In a ceremony in Palermo, Italy, the local archbishop announced Thursday the site containing ruins of the city’s ancient shul is being returned to the local Jewish community. The community plans to build a new shul—the first in 524 years in Palermo, a city situated on the island of Sicily—near the ruins of the old one.
The Jews of Sicily were expelled Jan. 12, 1493. The synagogue was destroyed, and the site on which it stood was taken over by the Roman Catholic Church and the monastery of St. Nicolo Tolentino. Since then, there has been no Jewish activity in Palermo.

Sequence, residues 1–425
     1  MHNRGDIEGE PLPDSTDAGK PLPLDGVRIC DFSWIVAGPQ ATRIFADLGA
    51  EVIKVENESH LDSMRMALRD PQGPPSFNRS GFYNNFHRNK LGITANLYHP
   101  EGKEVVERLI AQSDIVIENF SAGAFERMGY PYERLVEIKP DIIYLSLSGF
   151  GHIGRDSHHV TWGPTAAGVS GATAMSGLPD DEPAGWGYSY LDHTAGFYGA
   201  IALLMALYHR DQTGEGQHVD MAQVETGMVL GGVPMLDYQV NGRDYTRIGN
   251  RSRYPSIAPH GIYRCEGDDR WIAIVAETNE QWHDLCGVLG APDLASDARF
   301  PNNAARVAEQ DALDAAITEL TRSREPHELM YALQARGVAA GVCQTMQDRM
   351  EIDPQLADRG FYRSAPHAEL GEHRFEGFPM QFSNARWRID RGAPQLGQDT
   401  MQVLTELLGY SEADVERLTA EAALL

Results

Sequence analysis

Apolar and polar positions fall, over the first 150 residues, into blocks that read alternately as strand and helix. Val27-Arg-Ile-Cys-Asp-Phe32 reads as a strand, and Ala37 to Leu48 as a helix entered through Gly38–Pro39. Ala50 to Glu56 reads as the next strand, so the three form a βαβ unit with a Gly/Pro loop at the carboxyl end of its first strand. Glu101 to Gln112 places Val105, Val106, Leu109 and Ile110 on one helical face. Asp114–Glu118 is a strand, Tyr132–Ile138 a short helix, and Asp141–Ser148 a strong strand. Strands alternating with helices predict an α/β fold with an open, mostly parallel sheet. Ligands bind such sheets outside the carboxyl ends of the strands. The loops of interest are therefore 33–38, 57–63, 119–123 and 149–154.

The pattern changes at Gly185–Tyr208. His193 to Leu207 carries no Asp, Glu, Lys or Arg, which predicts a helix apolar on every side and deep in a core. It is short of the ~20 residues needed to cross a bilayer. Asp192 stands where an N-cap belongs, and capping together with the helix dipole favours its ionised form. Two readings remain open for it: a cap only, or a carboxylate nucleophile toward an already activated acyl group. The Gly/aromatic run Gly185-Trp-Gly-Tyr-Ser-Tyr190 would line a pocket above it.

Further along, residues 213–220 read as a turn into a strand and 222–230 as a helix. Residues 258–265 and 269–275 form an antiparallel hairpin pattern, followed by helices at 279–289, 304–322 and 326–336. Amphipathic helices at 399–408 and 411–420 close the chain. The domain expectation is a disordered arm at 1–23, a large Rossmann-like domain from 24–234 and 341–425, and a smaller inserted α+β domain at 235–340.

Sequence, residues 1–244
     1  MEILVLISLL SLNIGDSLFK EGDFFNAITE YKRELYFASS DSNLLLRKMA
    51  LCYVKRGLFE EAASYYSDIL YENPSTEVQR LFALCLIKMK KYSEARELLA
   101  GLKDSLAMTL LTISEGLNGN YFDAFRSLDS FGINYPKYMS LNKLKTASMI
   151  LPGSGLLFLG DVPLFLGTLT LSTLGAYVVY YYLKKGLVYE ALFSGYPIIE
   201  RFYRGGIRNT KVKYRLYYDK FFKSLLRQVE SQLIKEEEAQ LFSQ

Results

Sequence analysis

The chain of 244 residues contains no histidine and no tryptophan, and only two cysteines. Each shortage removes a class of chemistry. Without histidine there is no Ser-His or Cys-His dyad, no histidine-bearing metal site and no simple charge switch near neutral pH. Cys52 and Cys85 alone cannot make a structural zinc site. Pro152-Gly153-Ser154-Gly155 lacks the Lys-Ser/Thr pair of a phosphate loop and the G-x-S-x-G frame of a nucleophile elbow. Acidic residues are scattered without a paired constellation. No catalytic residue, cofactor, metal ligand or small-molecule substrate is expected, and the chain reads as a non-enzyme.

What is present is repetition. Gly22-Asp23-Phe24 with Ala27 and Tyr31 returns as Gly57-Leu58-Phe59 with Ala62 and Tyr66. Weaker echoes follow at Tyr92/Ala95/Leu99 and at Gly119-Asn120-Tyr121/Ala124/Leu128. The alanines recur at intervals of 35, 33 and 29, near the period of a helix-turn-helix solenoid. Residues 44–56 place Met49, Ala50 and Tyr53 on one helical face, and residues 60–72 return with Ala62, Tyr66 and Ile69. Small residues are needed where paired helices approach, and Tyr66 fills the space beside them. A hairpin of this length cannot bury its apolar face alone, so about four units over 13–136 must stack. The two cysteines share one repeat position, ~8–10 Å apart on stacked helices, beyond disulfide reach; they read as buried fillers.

Thursday’s ceremony was held at the Historical Archives of Palermo, which like the monastery was built on the ruins of the synagogue. The decision to return the site to the Jewish community was made in response to a request by the Shavei Israel organization, a group dedicated to helping “lost” Jews worldwide reclaim their roots and re-embrace Judaism, and the Sicilian Institute for Jewish Studies. The ceremony was attended by hundreds of descendants of anusim—Jews who were forced to convert to Christianity but continued to practice Judaism in secret.
“Locating the new synagogue on the ancient ruins of the Great Synagogue of Palermo makes this historic moment especially exciting,” Archbishop of Palermo Corrado Lorefice said. JNS.ORG